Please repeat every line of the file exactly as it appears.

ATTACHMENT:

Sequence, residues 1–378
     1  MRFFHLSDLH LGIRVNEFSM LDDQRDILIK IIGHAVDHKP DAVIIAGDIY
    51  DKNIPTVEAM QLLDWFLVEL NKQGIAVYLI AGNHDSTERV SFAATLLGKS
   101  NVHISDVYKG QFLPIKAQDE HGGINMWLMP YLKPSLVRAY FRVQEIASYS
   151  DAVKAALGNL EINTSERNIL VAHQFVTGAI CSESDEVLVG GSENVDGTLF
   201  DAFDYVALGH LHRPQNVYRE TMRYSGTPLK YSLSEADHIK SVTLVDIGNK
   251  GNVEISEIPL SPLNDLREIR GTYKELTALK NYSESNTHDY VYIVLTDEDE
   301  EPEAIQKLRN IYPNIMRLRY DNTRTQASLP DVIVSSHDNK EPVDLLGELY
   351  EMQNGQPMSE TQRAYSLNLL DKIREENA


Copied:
Sequence, residues 1–378
     1  MRFFHLSDLH LGIRVNEFSM LDDQRDILIK IIGHAVDHKP DAVIIAGDIY
    51  DKNIPTVEAM QLLDWFLVEL NKQGIAVYLI AGNHDSTERV SFAATLLGKS
   101  NVHISDVYKG QFLPIKAQDE HGGINMWLMP YLKPSLVRAY FRVQEIASYS
   151  DAVKAALGNL EINTSERNIL VAHQFVTGAI CSESDEVLVG GSENVDGTLF
   201  DAFDYVALGH LHRPQNVYRE TMRYSGTPLK YSLSEADHIK SVTLVDIGNK
   251  GNVEISEIPL SPLNDLREIR GTYKELTALK NYSESNTHDY VYIVLTDEDE
   301  EPEAIQKLRN IYPNIMRLRY DNTRTQASLP DVIVSSHDNK EPVDLLGELY
   351  EMQNGQPMSE TQRAYSLNLL DKIREENA